Because our ears are so habituated to the major/minor key system, Gregorian chants, which employ eight different modes that seldom conform to our modern musical expectations, strike us as otherworldly, introspective, haunting, incomplete, or to use a term that has been applied to Byzantine icons, “brightly sad.” We should rejoice in this fact, which illustrates a general rule: an ancient art form is more, not less, likely to be associated by a modern believer with the holiness and unchanging truth of God, His strangeness or otherness, His transcendent mystery, the special homage He deserves, and the need for our conversion from the flesh to the spirit, that is, from a worldly mentality to a godly one: “Be not conformed to this world, but be reformed in the newness of your mind” (Romans 12:2). The very differentness of the art form, which the passing of ages has accentuated, acquires theological and religious significance. We see the same thing with the use of ancient liturgical languages, silver or gold chalices, ornamented priestly vestments, the wearing of veils by women, and Romanesque or Gothic architecture. All of these things have acquired expressive and impressive power due to their longstanding exclusive association with divine worship. In other words, I want to say that we have advantages, in a sense, that medieval people didn’t have.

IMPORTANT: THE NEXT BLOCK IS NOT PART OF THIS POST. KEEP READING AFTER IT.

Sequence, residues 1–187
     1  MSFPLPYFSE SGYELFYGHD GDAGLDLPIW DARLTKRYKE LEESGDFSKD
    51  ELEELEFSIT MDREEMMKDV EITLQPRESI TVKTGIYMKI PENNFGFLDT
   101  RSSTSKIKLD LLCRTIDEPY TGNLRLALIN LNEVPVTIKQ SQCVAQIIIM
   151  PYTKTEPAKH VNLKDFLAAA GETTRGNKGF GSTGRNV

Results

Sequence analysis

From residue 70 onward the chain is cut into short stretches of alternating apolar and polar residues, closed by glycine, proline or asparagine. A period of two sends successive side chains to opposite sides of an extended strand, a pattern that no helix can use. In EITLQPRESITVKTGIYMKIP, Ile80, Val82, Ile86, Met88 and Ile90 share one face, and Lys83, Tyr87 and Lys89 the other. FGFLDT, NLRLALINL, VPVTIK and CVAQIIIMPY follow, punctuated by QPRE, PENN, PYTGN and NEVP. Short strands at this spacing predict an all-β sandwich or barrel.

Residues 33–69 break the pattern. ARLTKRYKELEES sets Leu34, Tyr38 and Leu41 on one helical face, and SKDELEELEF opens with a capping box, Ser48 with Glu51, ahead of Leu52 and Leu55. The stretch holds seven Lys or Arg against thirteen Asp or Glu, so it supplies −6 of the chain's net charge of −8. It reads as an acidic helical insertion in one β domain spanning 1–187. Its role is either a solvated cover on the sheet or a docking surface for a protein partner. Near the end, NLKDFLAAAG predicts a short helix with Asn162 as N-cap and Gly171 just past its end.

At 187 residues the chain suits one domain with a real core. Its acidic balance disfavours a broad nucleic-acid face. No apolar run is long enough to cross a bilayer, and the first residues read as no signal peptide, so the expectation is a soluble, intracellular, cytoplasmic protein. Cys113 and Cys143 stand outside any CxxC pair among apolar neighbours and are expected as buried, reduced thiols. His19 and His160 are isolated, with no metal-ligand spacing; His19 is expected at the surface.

The vast majority of Latin chants were composed by anonymous monks, cantors, and canons. We will never know their names in this life. What a healthy corrective to the egotism that often comes with artistic creativity and performance! Chant quenches distinctive personality—both in that we usually do not know its author, and in that we cannot “shine” or stand out in a rock-star way when singing chant in a schola or congregation. It works against the desire for show, encourages a submersion of one’s individuality in Christ, and makes us act and feel as members of the Mystical Body. Like other traditional liturgical practices, use of chant strips us of the old man and clothes us with Christ. This process of conversion needs to be gentle and continual if it is to be ultimately successful. It cannot be the result of fits of enthusiasm, emotional highs, or psychological violence.
Human beings are made for the contemplation of God. Gregorian chant prepares us for this contemplation and inaugurates it. It is music evoking and drawing us towards the beatific vision. In particular, the melismas express “the ineffable sighs and groanings” of the Spirit. Gregorian chant—and, in a different but complementary way, the quiet low Mass—brings something of the revitalizing spirit of the cloister, the tranquility of the monastic “search for God,” into every church. If monasticism is simply the Christian baptismal vocation lived out as radically and integrally as possible, then our liturgy, too, should have this monastic core identity, purity, and efficacy. Without it, we are already on a downward course into superficiality, distraction, and worldliness.
Read the rest here.